After getting home this afternoon I was captured by our NYC Jewish engineer’s lapidary (and subtle) post ‘Batting 500’.
So I started with a wink:
Wake up man!
Even couldn’t-care-less Romans are having festa. 10 years of tenacity have given their magic, liberating fruit.
Everyone may be critical of one’s country’s no-matter-what but this time man I do feel happy.
And I know the souls of Ronald Reagan and of eternal (not only in my mind I think) Jimmy Stuart & John Wayne are having fiesta as well.
By the way these two last icons were mythical to us – as I guess you know from our blogs’ exchanges – my basically right-wing Tuscan friend I mean and myself.
When I grew up and realised who Jimmy and John really were (also,) I personally loved them even more (my friend ça va sans dire.)
We may have different views on a few things, my friend and I, but we both respect faith, big ideals, honesty.
Today Europeans are darn proud of America.
The killer, the folks’ souls poisoner lies deep in the ocean.
Personally I don’t care who the hell will judge him.
But if someone up there is watching humankind (by loving us especially) may He / She bless the wonderful American people.
Rome after Bin Laden’s death
Rome is no NYC nor Washington DC but …
… did here people flock somewhere as it happened at the World Trade Center or before the gates of the White House?
No idea but I mean, entire areas of the city were blocked when we approached the down town area on our way back from Tuscany this very early morning (3 hours drive.)
Ok, we yesterday had 1rst of May plus the beatification of Pope John Paul II in the eternal city. We knew what traffic anarchy was awaiting us so we delayed our return till this Monday morning.
After having learned the great news from our car radio and me having been dropped by Flavia not far from Rome’s American Embassy – I thought btw about my dear American and Italian IT ex students working there (read about one here, not because he’s not criticizing me lol) : many black cars were by now protecting this huge American-embassies’ hub (which testifies US-Italia friendship btw) – and on the way to my guitar guru while desperately entering bars in search of A-bomb espressos to keep myself awake and while using taxies, talking to these great people (YES, taxi drivers of any city in the world, they are great) …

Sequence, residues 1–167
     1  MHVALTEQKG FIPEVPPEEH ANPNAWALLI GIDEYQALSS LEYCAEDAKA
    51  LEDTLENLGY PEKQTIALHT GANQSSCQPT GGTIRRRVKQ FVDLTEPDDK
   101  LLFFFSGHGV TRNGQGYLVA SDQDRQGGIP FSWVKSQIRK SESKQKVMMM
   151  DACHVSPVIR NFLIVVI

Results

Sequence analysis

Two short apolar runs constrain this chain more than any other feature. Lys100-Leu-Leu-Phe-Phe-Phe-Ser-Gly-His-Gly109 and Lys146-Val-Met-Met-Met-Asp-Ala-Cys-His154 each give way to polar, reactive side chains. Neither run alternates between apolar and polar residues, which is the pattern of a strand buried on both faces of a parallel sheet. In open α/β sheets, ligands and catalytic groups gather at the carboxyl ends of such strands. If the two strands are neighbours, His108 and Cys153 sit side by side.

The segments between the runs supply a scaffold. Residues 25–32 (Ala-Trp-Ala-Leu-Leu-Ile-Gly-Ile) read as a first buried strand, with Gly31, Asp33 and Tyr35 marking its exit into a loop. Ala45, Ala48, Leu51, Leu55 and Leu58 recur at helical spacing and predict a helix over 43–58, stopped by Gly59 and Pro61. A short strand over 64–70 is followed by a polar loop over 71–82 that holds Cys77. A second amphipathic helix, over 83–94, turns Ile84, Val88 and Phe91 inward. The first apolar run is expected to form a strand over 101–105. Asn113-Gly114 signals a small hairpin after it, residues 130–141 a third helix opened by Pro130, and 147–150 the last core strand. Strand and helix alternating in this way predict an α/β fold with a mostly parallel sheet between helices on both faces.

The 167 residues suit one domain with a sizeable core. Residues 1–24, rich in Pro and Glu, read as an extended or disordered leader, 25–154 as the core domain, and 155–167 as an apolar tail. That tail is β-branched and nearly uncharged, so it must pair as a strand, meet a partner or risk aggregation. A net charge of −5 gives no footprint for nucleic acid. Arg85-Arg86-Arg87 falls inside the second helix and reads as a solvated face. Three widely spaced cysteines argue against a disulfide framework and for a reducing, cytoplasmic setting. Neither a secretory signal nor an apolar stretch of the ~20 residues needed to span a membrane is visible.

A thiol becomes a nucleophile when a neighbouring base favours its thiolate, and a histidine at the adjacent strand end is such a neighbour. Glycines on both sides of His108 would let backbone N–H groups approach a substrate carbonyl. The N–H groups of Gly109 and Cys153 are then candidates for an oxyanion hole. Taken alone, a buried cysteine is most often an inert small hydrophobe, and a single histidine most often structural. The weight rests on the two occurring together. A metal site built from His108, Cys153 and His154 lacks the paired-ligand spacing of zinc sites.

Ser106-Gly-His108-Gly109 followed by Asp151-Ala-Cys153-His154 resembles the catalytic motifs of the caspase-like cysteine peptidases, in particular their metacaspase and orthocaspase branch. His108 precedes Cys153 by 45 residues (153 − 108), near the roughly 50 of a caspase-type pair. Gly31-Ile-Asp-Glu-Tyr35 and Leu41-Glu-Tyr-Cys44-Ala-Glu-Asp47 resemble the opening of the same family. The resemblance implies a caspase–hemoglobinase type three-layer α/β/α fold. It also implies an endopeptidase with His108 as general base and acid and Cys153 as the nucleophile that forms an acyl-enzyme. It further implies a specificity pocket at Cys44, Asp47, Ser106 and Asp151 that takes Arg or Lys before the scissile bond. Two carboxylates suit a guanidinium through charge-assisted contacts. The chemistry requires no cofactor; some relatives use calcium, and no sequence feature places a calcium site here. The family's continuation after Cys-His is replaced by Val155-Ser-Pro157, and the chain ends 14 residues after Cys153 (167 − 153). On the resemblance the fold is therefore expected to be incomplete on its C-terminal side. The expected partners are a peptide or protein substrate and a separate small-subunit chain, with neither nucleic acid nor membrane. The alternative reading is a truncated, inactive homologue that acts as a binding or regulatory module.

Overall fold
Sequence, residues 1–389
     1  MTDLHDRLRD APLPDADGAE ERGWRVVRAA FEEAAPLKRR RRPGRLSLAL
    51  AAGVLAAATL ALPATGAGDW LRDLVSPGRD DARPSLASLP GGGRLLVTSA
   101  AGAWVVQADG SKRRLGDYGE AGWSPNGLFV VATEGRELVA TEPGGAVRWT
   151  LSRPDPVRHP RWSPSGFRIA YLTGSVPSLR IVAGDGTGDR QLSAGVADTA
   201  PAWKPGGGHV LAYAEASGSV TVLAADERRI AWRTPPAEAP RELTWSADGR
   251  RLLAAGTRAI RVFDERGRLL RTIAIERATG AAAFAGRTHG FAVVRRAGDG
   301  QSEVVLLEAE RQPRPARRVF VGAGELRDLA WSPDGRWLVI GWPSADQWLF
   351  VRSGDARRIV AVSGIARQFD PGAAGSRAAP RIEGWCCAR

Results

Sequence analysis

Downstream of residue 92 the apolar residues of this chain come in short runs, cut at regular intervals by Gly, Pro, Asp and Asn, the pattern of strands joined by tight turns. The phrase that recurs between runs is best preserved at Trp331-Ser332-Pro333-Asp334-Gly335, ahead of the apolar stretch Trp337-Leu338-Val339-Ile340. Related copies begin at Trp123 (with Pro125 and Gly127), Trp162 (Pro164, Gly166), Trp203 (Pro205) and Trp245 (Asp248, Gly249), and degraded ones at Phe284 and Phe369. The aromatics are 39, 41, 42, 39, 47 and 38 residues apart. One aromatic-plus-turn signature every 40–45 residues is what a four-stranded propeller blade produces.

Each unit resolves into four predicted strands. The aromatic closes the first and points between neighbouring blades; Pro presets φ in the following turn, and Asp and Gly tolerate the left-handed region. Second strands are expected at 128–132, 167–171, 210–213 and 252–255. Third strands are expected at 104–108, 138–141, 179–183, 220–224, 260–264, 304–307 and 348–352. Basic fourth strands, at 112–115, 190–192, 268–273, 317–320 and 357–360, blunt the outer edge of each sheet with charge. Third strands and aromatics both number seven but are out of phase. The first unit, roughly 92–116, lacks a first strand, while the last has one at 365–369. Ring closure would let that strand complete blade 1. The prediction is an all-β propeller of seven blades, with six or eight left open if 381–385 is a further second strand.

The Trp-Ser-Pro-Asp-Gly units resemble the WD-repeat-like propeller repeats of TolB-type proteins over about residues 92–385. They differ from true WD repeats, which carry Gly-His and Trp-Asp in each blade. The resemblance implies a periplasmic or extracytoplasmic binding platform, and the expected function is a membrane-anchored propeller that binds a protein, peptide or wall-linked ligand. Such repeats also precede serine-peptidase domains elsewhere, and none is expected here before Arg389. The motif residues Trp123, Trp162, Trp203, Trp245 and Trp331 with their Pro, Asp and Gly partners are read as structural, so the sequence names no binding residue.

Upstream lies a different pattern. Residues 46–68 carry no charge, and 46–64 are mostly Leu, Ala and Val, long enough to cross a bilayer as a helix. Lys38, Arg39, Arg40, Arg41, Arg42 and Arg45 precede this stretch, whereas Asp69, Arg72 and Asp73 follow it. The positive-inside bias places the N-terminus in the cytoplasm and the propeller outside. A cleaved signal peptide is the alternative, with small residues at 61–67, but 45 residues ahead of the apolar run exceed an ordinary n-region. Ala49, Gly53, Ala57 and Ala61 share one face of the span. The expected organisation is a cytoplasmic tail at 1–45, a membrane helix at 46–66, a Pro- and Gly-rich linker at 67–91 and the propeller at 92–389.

…. I noticed the men-in-the-street reaction synthesized by a Roman laconic cab driver:
“Gli americani so’ forti, niente da dire in più.”
PS. A special thought goes here to my inspirer Sledpress and also and most of all to Zeus is watching, Richardus, the Commentator, Wind Rose Hotel – and last but not least Chaerie the wonderful faerie.
It is weeks I wanted to write something about the Arab spring revolutions. It all started in Tunisia, separated from Italy by only 44 miles (Pantelleria) and by 68 miles (Sicily.)
This being not totally fortuitous in my opinion – we will see in any case.
This is a thoughtful Roman blog, not a newspaper, so we’ll talk over such political (and military) crises in our own Roman way
Talk over literally, since I recently discovered how convenient a microphone can be.
Waves of Revolution.
“Who the Hell Cares”
Disturbance; want of values in new generations; so-close-to-Italy Muslim countries exploding like bombs; the BRIC nations (Brazil, Russia, India & China) about to make our Western asses black & blue.
France, the UK, Germany, the US etc. not being on better grounds than we are; our ineffable PM Berlusconi glued to his chair not giving a damn about his country’s future and claiming ‘communist’ magistrates are the only ones to blame for his HUGE legal problems (read the Guardian, among the rest, any political colour saying the same worldwide) and btw only half-heartedly admitting his friend Muammar Gaddafi is a cruel dictator butchering dissenters with fighters missiles.